NIGHTINGALE LANE,

    Jan. 17, [1877].

    DEAR FRIEND, —

    I think that at the time I spoke the rebuke was deserved, but I never meant to impute neglect of the poor to the voluntary principle, but rather to the form of government which produces the isolation of the churches, and their absolute independency. The Presbyterian and Wesleyan form of polity axe well adapted to reach the poorest localities and we can give abundant evidences to show that in Scotland by the Free Church and United Presbyterians the power of voluntary aid among the poor is abundantly illustrated, and in England all along by the Primitive Methodists.

    Please to note that since 1861 which is 15 or 16 years ago there have been remarkable changes, —

    churches have been removed from London into the suburbs, and on the other hand many noble missions of a purely voluntary character have arisen and have been successfully worked, as I hoped they would be when I spoke so severely.

    If your antagonist has no better argument than this very stale one, his cause is nigh unto death.

    Yours heartily, C. H. SPURGEON.


    WESTWOOD,

    May 17, 1880.

    DEAR FRIEND,—

    You shall have the Treasury as a present from me, and I shall count it only a very small token of my love to you. I think you will find good store in it of others’ thoughts, and mine may make the parsley on the dish.

    May our Lord ever bless you.

    Yours heartily, C. H. SPURGEON.


    WESTWOOD,

    Mar. 22, 1881.

    DEAR FRIEND, —

    When you speak of 40 years’ ministry you make me look up to you with reverent awe. Surely you must be getting old. Blessed be the Lord who has upheld you in honor and in strength. I joy and rejoice in His name as I think of His faithfulness to you.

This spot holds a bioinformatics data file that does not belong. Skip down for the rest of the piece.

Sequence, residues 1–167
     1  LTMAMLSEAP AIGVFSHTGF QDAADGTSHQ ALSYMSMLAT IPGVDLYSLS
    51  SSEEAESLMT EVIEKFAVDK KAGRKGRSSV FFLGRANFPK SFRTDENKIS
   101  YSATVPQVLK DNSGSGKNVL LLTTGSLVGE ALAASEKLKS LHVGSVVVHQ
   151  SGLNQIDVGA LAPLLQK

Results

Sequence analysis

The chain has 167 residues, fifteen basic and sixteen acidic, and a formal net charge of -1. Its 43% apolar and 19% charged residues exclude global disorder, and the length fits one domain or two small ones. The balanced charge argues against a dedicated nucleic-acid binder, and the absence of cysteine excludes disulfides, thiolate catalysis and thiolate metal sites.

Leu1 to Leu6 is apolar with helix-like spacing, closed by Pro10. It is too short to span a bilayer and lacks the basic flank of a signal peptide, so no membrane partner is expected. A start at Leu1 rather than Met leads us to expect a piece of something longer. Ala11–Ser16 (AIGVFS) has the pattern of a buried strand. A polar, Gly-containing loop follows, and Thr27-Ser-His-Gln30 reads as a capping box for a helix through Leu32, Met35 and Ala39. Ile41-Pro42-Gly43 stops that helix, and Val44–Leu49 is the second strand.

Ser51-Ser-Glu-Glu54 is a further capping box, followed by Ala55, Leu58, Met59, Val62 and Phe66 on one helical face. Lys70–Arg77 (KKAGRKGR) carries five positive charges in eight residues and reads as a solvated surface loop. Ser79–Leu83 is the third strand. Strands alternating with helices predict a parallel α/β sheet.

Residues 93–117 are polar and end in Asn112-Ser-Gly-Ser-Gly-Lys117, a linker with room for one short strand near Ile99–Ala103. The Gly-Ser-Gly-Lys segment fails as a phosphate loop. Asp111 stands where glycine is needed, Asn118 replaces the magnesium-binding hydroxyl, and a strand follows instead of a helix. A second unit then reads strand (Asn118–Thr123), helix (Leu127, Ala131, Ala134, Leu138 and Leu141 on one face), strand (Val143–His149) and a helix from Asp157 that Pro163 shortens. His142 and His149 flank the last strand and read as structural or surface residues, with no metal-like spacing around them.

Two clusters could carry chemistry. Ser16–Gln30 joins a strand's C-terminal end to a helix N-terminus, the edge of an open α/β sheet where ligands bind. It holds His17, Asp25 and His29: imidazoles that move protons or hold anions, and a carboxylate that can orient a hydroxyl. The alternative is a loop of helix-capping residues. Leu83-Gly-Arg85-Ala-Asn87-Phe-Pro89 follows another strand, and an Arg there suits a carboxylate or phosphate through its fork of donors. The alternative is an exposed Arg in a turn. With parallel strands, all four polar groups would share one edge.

I have had rough sailing of late. This place, above the fogs, is perhaps worse in extreme winter for my disease, by reason of increased cold; but in ordinary times it must be much better; besides I can breathe here and do not feel like being inside a saucepan with the lid on. I feel sure the position with God’s blessing will be a permanent boon to me.

    Many thanks for £5 from your thanksgiving. The Lord is with us graciously in this work.

    Peace be to you, and all the blessings of the covenant.

    Yours ever most heartily, C. H. SPURGEON.


    WESTWOOD,

    Jan 3, 1882.

    DEAR FRIEND, —

    I am very grateful for your friends’ gift of £5 for orphans. By one and another the charges are borne by the Great Father; glory be to His name.

    I have been much pleased by an interview with Mr. Wigstone. May the Lord bless Spain by his means.

    May the old midshipman have a prosperous voyage this year.

    Yours heartily, C. H. SPURGEON.


    CLAPHAM,

    July 20. DEAR FRIEND,-Issue free tickets, making sure that you print no more than the place will honestly hold. Give these away discreetly by yourself and judicious friends, and not by public announcement.

    Scarcely a bill need be printed. I will, D.V., preach afternoon and evening.

    As to how I come please leave till later. I may perhaps bring my boys for a little trip.

    Yours truly, C. H. SPURGEON.